The women of Sudara are first taught how to sew and then are employed to make beautiful Indian design inspired apparel like these PUNJAMMIES. Over the years, Sudara has been able to employ more than 200 women across various sewing centers in India and has managed to free them and their 300 hundred children from sex slavery.
5. Heba Fares of Naomi Hanem and Ehky Ya Shahrazad
In collaboration with an Egyptian charity organization, Heba Fares launched a fashion line under her brand Naomi Hanem and called it Ehky Ya Shahrazad. The initiative is about helping women in prison pay off the debts they have been imprisoned over. Heba felt she could do something to help with this very common situation in underprivileged Egyptian societies. Within these situations, poor women, who are often the breadwinners for their families, have to sign off on big checks to help marry off their daughters or help their husbands. Being unable to pay back the debts, they are put in prison.
Heba wanted to make sure that by the time the women pay off their debts and get out of prison, they have learned and mastered new skills that would help them start a new career. The work is done entirely from inside the prison and supervised by Heba remotely, so the women are able to produce beautiful and high quality pieces featuring unique hand drawings and cues from bedouin designs after receiving intensive training.
6. Zeina Abou Chabaan of Palestyle
Fed up with the corporate world, Zeina left her three-year-old corporate job and started looking for a vocation that was more meaningful to her. In 2007, she got the idea of helping Palestinian women in refugee camps in a way that empowers them without making them feel like a subject of pity or deserving of charity. She combined her love for fashion design and her country women and started Palestyle in 2009 with her brother after visiting the Al Baqaa refugee camp in Jordan. Zeina couldn’t forget the inhumane living conditions she witnessed in the camp and how the women couldn’t find job opportunities despite being well educated.
So far, Zeina’s social luxury fashion label has empowered over 400 Palestinian women within the refugee camps of Jordan, Lebanon and Palestine by giving them a percentage of sales. The clothes, handbags, and accessories the women make are all signed off with Arabic calligraphy, distinct Palestinian embroidery, and inspirations from the Palestinian culture.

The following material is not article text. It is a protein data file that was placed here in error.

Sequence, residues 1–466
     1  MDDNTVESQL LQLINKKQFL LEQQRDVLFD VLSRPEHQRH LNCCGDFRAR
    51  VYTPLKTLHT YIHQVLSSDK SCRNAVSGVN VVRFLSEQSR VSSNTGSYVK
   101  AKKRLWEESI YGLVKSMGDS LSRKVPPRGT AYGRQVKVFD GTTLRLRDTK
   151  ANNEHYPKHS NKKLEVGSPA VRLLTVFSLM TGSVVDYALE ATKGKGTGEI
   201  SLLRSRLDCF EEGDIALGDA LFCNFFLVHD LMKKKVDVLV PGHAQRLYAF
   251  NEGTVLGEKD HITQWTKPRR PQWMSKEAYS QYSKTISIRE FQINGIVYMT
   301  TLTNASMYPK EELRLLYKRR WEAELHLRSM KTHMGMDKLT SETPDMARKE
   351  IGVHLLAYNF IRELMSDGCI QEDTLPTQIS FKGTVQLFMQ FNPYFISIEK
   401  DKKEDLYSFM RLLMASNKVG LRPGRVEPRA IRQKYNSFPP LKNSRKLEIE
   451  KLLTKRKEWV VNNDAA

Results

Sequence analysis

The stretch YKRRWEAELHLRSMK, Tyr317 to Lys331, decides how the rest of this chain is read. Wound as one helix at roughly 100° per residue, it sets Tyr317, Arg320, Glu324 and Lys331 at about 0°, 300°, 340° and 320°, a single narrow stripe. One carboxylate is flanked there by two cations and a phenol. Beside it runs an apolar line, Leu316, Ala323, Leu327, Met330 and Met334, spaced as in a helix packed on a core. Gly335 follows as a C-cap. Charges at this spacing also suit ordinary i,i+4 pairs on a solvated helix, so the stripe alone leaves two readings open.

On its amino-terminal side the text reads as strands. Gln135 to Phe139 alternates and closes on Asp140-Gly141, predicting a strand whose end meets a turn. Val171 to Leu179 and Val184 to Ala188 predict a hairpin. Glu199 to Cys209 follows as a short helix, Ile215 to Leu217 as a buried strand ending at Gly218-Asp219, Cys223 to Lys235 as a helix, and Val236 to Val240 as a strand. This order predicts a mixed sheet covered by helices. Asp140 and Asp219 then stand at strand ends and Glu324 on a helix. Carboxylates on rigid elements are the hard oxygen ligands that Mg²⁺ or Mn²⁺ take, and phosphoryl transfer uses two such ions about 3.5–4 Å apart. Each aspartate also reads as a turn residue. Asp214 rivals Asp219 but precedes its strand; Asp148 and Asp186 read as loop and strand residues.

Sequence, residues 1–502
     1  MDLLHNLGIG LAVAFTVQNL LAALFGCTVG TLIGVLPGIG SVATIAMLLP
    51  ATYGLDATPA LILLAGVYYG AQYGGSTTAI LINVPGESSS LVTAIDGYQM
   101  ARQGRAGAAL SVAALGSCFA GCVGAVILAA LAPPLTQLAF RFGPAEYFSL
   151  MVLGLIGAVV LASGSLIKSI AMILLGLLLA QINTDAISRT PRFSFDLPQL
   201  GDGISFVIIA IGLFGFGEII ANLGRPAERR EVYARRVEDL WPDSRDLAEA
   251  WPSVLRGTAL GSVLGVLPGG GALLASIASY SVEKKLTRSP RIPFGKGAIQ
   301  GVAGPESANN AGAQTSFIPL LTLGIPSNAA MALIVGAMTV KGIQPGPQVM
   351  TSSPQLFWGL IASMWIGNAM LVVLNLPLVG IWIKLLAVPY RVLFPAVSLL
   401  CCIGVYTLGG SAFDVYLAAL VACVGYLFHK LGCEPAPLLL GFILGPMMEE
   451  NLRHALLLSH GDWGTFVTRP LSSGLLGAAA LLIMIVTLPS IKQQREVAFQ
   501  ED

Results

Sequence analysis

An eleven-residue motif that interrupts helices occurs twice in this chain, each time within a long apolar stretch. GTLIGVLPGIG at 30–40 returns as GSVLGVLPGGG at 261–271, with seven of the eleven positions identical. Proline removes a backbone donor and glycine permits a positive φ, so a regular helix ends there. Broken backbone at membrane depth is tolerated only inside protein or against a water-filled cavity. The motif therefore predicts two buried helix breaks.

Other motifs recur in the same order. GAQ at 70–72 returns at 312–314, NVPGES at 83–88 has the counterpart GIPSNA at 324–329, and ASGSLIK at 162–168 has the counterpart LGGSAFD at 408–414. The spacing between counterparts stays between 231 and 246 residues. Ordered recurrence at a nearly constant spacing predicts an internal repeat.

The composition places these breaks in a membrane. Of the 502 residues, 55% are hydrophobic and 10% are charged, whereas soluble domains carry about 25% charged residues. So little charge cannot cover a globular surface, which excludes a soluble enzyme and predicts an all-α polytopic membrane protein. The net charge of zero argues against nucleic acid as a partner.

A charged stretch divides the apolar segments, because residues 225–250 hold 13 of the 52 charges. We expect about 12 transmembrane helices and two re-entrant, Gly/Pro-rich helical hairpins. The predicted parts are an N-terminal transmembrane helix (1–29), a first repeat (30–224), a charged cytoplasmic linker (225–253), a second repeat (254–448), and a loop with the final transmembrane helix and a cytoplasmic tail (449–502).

7. Reese Fernandez-Ruiz of Rags2Riches
Reese is one of the most successful and most recognized social entrepreneurs in the Philippines and Asia. She started Rags2Riches a little after completing university to help village women artisans lift their families out of poverty by crafting urban artisanal home and fashion accessories from recycled and indigenous materials.
Before Rags2Riches, the women of Payatas, one of the Philippines largest dump sites, had been scavenging waste to find and recycle scrap pieces of fabric to make rugs and sell them. However, middlemen came in to control the women’s supply of fabric and access to the market, thus diminishing their profit to less than 20 cents USD per day. In collaboration with her partners, Reese started Rags2Riches not only to help the women reclaim access to the market, but also to offer them financial and hands-on training as well as health care. This has provided them with the means to long-term financial and personal success.
8. Ayesha Mustafa of Fashion Compassion
In 2011, Ayesha started Fashion Compassion as an online fashion retailer for socially responsible brands that empower women from marginalized communities. Every time an item is bought from Fashion Compassion, part of the money goes to feed a schoolgirl in a developing country. Ayesha showcases the products of brands mentioned above as well as many others on her website and says she finds inspiration in each of the founders of these brands.
According to Ayesha, combining fashion and philanthropy ignites her soul. She has always loved both fields but never knew what to do with them until she interned at the Grameen Bank in Bangladesh when she was 16. Seeing how the bank changed the lives of thousands of marginalized women and, in turn, their societies, she got the idea of using her passion for fashion to alleviate poverty stricken girls and women in Pakistan and the Middle East where she grew up.